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Thailand: Three Years on, No Justice for Massacre

Failure to Prosecute Tak Bai Killings Turns Reconciliation Policy Into Empty Promise

(New York) - On the third anniversary of the killings of protestors in Tak Bai the Thai government has yet to bring any of the responsible police and military personnel to justice, Human Rights Watch said today.

On October 25, 2004, security personnel from various army and police units were mobilized to disperse Muslim protesters in front of a police station in the Tak Bai district in the southern province of Narathiwat. Seven protesters were shot dead on the spot, while 78 others were suffocated or were crushed to death as they were being transported to an army detention facility in Pattani province. Some 1,200 people were held in army custody for several days without appropriate medical attention. As a result, many protesters suffered severe injuries that required amputation of their limbs.

“The Tak Bai killings were a truly shocking event, yet there has been no criminal prosecution despite overwhelming evidence,” said Brad Adams, Asia director at Human Rights Watch. “The Thai government has repeatedly promised justice for the Tak Bai victims and the local community. The government has completely failed to deliver.”

The government-appointed fact-finding committee led by Parliamentary Ombudsman Pichet Soontornpiphit concluded on December 17, 2004 that the methods used in dispersing the protesters – including the firing of live ammunition and the use of army conscripts and rangers who lacked experience in dispersing protesters – were inappropriate and not in conformity with established international guidelines and practices. In addition, the committee also found that the commanding officers failed to supervise the transportation of protesters in custody, leaving the task to be performed by inexperienced, low-ranking personnel.

According to the fact-finding committee, three senior army officers were identified as having failed to properly monitor and supervise the military’s operations, leading to the deaths and injuries of Muslim protesters. The officers named were Lt-Gen. Pisarn Wattanawongkiri (then-commander of the Fourth Army Region), Maj-Gen. Sinchai Nutsatit (then-deputy commander of the Fourth Army Region), and Maj-Gen. Chalermchai Wiroonphet (then-commander of the Fifth Infantry Division). However, attempts by families of the victims to bring to justice those responsible for the deaths have been undermined by delays in the postmortem inquest. Meanwhile, the government of Prime Minister General Surayud Chulanont – which promised to correct Thaksin Shinawatra’s mistakes in the southern border provinces – has failed to ensure that the Attorney General’s Office pursue criminal cases against those security personnel responsible for the deaths and injuries of Tak Bai protesters.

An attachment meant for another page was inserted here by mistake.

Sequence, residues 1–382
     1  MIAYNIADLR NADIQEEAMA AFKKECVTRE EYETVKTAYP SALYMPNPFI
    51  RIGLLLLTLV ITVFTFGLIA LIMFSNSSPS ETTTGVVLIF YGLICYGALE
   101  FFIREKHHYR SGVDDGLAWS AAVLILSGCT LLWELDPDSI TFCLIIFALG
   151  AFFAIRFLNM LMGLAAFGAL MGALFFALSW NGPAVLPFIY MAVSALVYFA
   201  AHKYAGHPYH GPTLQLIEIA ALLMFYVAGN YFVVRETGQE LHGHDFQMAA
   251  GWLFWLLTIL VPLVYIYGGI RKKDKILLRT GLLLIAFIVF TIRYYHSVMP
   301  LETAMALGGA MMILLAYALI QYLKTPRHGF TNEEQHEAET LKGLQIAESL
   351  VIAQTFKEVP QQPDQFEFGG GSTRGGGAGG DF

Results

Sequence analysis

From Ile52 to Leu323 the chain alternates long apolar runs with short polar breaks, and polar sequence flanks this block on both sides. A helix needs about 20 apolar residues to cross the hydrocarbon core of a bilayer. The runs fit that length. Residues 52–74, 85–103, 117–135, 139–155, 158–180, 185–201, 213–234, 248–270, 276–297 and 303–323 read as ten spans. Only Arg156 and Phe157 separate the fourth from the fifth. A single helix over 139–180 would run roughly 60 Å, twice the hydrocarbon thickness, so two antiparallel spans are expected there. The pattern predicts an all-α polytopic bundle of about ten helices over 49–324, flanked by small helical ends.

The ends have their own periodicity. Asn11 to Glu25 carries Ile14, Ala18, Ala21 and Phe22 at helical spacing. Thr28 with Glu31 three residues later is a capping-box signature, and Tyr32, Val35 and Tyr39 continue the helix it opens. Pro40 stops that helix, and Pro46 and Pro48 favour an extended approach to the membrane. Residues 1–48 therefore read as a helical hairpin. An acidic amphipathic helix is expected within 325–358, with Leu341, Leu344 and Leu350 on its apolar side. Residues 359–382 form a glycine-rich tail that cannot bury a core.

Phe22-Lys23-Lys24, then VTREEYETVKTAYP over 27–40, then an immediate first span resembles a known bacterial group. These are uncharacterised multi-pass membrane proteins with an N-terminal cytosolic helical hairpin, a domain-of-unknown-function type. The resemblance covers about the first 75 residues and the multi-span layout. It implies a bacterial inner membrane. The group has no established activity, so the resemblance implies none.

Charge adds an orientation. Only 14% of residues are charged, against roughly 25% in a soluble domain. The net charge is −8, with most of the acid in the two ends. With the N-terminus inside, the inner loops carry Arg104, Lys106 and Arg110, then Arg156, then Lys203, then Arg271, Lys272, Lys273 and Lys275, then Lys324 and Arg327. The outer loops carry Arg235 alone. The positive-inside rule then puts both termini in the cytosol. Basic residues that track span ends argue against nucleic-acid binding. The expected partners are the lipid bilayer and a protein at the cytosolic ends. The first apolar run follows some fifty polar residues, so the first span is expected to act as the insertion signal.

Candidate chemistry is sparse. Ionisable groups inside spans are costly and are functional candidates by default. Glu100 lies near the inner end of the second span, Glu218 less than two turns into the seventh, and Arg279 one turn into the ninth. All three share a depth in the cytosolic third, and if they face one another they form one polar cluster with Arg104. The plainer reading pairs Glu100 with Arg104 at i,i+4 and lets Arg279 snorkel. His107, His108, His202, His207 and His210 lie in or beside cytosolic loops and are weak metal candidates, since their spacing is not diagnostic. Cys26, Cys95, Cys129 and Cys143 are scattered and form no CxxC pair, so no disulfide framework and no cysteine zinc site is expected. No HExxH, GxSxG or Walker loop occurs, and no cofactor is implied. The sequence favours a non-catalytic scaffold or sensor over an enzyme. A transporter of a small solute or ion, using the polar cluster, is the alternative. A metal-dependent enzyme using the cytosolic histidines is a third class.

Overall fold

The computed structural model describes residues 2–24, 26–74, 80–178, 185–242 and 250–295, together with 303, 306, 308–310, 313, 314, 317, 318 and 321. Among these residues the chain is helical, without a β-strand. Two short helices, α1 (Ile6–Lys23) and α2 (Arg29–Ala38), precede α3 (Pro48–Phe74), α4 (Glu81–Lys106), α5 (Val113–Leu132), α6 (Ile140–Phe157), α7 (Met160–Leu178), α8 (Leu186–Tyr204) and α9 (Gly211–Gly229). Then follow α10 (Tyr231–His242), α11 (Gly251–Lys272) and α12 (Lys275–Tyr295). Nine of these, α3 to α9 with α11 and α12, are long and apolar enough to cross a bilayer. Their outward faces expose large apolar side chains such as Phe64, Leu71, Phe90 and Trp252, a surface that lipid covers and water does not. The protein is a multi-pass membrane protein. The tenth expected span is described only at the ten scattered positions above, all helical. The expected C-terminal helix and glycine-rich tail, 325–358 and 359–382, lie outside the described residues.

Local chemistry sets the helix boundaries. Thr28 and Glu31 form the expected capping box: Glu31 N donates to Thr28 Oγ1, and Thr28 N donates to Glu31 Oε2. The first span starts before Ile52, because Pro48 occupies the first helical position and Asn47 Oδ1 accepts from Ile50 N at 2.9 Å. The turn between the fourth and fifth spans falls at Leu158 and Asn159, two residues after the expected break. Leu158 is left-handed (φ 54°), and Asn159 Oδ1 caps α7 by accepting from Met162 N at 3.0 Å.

“Prime Minister General Surayud apologized for the Thaksin government’s failed policies in the south and said that bringing justice would be one of his top goals in office,” said Adams. “His failure to do so shows just how entrenched impunity for soldiers and police is in Thailand.”

Human Rights Watch said that since the coup against Thaksin Shinawatra in September 2006 there have been more than 20 cases of alleged extrajudicial killings, torture, and excessive use of violence committed by security personnel – from regular and paramilitary units – against Muslims in the south. An independent committee was set up by the Fourth Army Region in June 2007 to investigate these allegations. The committee promised to bring those responsible to justice. But thus far the committee has done nothing more than hold a couple of procedural meetings.

The Thai authorities have provided financial compensation to some Tak Bai victims and their families, as well as victims of other state-sponsored abuses. However, Human Rights Watch stated that compensation is not enough.

“Giving money to some victims does not free Thai authorities from their responsibility to prosecute those responsible for unlawful killings, torture, and other abuses in the south,” said Adams.

Human Rights Watch is deeply disturbed by the killing this month of Ma-usoh Malong, the husband of Yaena Solaemae, a famous Muslim human rights defender who has been closely involved in the campaign for justice for the Tak Bai victims. On October 10, 2007, unidentified gunmen shot dead Ma-usoh Malong near a tea shop close to his house in Praiwan subdistrict of Tak Bai district. Eyewitnesses told Human Rights Watch that the gunmen who shot Ma-usoh came in a green pickup truck and used M-16 assault rifles. Ma-usoh and Yaena Solaemae had eight children. Yaena Solaemae received an award from the National Human Rights Commission in 2005 for her work.

On October 20, 2006, Muhammad Dunai Tanyino, a 40-year-old village headman, was shot dead near his home in Paiwan subdistrict of Tak Bai district, Narathiwat province. Muhammad Dunai’s murder reportedly came after he sought to bring some of the Tak Bai victims and their families to meet the Fourth Army Region commander.

Human Rights Watch called on the Thai authorities to initiate a prompt, impartial, independent and effective investigation into these cases. These killings have further undermined the confidence of the local population in the ability of the Thai authorities to provide justice for serious abuses.

“The problems of Tak Bai are the problems of the south, where government impunity has been institutionalized,” said Adams. “By denying justice, the government is alienating local Muslims and making them easy targets for indoctrination and recruitment by separatist militants.”

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